Simple Solutions

How to Install a Rain Diverter

By: Joe Truini
Installing a sheet metal rain diverter on a roof.

Installing a sheet metal rain diverter on a roof.

Gutters are a common way to handle rain running off a roof, but if your house doesn’t have gutters, you can still keep rainwater away from doors by installing a rain diverter.

A rain diverter is a specially made piece of metal flashing available at home improvement centers that is used to divert rainwater away from a doorway. This not only keeps you from getting wet but prevents the door from deteriorating as well.

To install a rain diverter on your roof:

  1. Start by cutting the flashing with tin snips about 2-3 feet longer than the doorway you want to protect.
  2. Next, carefully break the seal on a row of shingles above the doorway with a flat pry bar or putty knife.
  3. Slide the diverter under the row of loosened shingles.
  4. Tilt the rain diverter in the direction you would like the water to flow by angling one side down slightly.
  5. Lift the shingles up and tack the rain diverter down in several places using roofing nails.
  6. Finish up by putting a dab of roofing cement on each nail head to seal out water and help hold the shingles down.

Further Information


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13 Comments on “How to Install a Rain Diverter”

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  • Official Comment:

    Thomas Boni Says:
    July 24th, 2019 at 10:21 am

    Hi, Will,
    Thanks for writing to us. It looks like there are some AutoCorrect issues, so it’s a little hard to follow along.
    Please re-send the question. 🙂

  • Will Dowdy Says:
    July 19th, 2019 at 6:35 am

    I added hallway off the edge of roof to add another room, the roof is covered with a metal roof tin nut hallway still leaks off eve inside. The eve cannot be removed. How to stop the water?

  • Nalini Says:
    April 24th, 2019 at 11:05 am

    I have a basement back porch covered roof made with wood blocks. I want to use the basement back porch. Do I need to replace the wood block roof to avoid rain water flowing through or is there any solution to use to avoid rain water?

  • KILO Says:
    November 26th, 2017 at 11:05 am

    I have a valley in my roof which is directly over my front door. When it rains, it’s like a waterfall, impacting near the door itself, splashing on the bottom half of the door & causing the base of my front door to rot (needs to be changed). How do I install a rain diverter across this valley with half on each side of the valley to include the valley itself?

  • Bettye Riddle Says:
    May 22nd, 2017 at 10:34 am

    I have a metal roof and when it rains it floods my patio. How do I fix it?

  • Antonio Says:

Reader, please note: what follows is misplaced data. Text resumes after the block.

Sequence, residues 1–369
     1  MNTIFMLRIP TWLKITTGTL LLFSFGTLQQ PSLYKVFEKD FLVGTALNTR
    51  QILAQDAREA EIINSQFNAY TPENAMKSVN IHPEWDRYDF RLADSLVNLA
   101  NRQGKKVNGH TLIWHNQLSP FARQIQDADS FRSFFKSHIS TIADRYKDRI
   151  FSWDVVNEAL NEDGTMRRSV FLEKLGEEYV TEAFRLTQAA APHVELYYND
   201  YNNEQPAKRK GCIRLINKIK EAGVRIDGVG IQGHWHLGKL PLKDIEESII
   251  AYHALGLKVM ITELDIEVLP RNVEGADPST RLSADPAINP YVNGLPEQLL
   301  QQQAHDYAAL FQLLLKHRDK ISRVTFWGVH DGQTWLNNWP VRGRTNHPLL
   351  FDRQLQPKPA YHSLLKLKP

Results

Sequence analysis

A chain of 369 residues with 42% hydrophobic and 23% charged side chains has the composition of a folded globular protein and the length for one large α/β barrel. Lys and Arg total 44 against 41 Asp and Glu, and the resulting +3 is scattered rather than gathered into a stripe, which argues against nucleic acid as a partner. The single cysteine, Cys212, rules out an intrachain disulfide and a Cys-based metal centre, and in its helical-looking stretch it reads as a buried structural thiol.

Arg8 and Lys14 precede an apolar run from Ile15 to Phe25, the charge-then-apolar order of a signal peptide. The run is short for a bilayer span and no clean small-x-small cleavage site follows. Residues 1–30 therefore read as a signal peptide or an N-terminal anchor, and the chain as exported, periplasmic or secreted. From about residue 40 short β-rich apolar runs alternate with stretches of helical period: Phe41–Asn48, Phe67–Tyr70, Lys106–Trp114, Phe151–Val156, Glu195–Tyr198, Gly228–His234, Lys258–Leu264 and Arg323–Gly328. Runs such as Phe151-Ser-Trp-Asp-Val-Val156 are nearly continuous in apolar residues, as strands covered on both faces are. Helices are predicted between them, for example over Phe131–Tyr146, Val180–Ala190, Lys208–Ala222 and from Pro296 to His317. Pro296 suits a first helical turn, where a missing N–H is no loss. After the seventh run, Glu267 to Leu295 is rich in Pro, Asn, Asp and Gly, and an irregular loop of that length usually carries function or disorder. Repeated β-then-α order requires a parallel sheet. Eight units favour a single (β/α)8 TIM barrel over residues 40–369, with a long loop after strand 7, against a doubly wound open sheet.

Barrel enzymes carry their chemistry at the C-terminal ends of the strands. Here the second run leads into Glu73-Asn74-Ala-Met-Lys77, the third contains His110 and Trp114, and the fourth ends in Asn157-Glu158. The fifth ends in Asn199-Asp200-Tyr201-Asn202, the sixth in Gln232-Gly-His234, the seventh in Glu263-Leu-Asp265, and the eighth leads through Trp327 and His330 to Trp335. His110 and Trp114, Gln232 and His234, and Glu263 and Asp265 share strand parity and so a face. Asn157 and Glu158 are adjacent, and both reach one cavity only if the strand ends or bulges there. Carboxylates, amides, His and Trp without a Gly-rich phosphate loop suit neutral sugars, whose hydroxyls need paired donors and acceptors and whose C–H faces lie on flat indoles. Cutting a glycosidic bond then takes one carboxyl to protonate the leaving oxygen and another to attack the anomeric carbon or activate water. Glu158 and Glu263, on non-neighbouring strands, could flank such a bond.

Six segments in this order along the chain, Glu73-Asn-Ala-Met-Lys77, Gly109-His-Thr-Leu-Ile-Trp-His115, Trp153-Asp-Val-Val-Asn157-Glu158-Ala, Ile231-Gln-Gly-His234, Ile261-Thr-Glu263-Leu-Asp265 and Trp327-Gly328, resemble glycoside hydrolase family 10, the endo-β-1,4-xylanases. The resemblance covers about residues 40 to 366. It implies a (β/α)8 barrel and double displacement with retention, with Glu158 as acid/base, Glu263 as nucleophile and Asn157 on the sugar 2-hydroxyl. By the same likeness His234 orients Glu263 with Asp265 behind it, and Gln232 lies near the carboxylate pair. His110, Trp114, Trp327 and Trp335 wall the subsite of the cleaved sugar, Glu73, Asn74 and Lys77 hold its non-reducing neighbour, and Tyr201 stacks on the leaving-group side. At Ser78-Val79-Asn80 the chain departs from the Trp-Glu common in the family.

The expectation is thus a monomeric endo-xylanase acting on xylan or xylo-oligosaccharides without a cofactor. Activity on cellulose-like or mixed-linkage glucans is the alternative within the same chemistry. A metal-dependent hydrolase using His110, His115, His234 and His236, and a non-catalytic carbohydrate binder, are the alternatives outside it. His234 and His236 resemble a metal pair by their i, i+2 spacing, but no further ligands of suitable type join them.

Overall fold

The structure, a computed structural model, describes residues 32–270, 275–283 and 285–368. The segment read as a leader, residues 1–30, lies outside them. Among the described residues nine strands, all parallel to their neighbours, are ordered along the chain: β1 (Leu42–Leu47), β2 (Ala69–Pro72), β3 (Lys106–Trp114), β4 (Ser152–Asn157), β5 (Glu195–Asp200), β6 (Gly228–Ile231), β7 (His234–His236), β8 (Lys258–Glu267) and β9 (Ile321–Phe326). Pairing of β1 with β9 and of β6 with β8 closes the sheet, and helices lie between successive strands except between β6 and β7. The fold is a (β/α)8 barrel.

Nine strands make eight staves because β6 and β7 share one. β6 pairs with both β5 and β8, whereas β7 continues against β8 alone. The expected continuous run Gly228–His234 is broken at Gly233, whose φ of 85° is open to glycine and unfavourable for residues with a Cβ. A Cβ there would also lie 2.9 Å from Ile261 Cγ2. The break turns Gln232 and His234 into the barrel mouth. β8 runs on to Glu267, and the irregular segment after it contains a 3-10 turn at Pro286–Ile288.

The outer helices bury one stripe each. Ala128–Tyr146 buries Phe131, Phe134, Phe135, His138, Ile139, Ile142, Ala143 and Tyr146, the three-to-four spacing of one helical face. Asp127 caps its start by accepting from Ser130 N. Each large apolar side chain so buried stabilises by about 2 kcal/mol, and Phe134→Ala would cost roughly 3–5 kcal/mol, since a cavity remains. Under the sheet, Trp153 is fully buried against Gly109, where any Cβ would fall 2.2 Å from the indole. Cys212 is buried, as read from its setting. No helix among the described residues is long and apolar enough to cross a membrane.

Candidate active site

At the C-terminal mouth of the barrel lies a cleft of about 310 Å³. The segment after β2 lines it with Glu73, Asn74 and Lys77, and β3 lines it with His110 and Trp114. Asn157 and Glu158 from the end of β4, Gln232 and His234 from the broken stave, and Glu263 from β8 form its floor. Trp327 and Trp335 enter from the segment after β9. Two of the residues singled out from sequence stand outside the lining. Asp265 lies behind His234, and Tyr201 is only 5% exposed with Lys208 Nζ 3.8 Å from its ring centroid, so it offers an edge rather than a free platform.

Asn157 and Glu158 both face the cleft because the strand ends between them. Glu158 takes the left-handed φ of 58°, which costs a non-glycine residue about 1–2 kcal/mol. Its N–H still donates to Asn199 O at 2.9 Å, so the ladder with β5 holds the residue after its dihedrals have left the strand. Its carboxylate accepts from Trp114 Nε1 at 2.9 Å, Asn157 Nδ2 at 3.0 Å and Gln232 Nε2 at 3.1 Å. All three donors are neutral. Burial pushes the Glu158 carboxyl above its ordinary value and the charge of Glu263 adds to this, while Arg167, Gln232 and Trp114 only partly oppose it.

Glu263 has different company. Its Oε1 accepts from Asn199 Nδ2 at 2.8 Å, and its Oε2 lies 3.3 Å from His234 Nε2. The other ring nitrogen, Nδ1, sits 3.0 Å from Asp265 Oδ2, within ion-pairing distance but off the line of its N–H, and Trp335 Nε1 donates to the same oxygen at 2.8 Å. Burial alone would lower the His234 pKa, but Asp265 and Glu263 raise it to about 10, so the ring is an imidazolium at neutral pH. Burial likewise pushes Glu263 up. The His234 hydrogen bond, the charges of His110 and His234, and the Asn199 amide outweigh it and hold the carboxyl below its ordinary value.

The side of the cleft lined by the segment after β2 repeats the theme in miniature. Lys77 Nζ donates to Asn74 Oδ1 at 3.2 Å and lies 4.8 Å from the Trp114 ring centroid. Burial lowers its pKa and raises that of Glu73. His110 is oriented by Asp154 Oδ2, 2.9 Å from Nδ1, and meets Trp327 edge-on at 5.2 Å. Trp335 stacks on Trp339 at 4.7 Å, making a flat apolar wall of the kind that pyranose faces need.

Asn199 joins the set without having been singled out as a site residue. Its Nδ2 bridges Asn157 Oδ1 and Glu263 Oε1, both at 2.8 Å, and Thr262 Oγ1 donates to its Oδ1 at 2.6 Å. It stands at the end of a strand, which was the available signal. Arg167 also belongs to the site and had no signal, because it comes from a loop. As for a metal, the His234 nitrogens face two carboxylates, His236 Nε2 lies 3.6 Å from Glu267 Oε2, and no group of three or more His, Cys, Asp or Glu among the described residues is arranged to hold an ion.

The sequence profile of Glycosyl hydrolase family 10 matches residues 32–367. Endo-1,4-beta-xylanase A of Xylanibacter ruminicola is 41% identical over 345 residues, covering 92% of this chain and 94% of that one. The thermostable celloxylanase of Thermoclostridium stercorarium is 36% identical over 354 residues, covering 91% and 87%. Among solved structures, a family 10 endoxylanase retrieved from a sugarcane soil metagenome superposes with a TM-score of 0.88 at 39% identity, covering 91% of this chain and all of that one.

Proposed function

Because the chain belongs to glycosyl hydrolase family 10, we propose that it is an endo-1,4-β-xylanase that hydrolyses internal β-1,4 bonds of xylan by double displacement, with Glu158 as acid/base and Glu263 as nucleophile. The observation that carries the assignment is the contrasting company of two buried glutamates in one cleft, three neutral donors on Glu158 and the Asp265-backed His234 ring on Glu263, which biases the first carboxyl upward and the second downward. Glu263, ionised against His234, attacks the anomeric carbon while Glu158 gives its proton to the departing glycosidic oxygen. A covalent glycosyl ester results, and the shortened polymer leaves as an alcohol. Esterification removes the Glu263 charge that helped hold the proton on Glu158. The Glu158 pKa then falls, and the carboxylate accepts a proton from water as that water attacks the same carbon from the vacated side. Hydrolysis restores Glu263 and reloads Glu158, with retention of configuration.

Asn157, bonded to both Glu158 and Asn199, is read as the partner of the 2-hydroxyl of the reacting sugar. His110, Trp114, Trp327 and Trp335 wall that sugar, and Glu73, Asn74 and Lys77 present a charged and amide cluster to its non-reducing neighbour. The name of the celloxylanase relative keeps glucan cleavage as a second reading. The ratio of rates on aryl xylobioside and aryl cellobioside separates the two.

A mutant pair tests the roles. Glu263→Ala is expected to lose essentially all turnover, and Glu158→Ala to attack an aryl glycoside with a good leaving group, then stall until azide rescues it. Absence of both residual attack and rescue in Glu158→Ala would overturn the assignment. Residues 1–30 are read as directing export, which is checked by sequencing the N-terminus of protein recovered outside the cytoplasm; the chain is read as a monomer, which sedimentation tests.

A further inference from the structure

November 12th, 2016 at 6:57 pm

    You make it looks so smooth and easy. But my roof shingles don;t nicely and flexibly peel up so I can nail the diverter don underneath them. They are stiff and although I have “carefully” broken the seal, if I pull them up, they are too brittle and seem like they’re going to break before I can hammer the nail. What do I do?

  • daniel Says:
    July 27th, 2016 at 9:36 pm

    Watching this video, I see a major flaw… Although a light drizzle of rain wouldn’t have an effect, anything else would backup above and under the section of tile, soaking the roof wood and destroying the roof. The diverter MUST extend from the roof, not be attached to the tiled area, to avoid water backing up and damaging the roof, even if the diverter is angled slightly (as it should be).

    April 26th, 2016 at 7:33 am



  • george Says:
    September 15th, 2015 at 1:06 pm

    I have a patio roof with 2 downspouts, one on each end. when it rains hard in FL, 90% of water comes out of only one downspout, very little if any comes out the other one. My question is can I block off one that takes 90% to force the water to go to the other side. I think the roof is pitched more in one direction. The 90% side runs back to patio flooding that side. I put a 6-foot downspout to run further out, but it drains back. not a pretty sight. thanks for any help.

  • Larry Says:
    June 1st, 2015 at 10:04 pm

    I tried to find the Rain Diverter at Home Depot, Lowes and two Ace Hardware stores. Home Depot did not have it near me. They had it closer to my parents home up in New England.

    However, I went to the Home Depot near me and found that they sold a Roof Edge Flashing that when turned over is exactly what I needed to use as a rain diverter and each 10′ piece cost less than $5. Here is the information on the piece I used from HD:

    Amerimax Home Products Model # 5500300120 Internet # 100032162 Store SKU # 625815
    B5 1/2 Aluminum Drip Edge
    $4.97 / each

  • Official Comment:

    Ben Erickson Says:
    June 18th, 2010 at 10:59 am

    Hi Earl,
    You can send a picture of your diverter to

  • E Earl Says:
    June 18th, 2010 at 7:07 am

    May I send you a picture of a “diaverter” that was applied to my new guttering? I am no t pleased with the looks of it. Your input is appreciated.

  • steve Says:
    February 21st, 2009 at 4:13 pm

    thats a ice dam waiting to happen use a short gutter (dont use spikes use the screw in gutter hangers)

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How to Install a Rain Diverter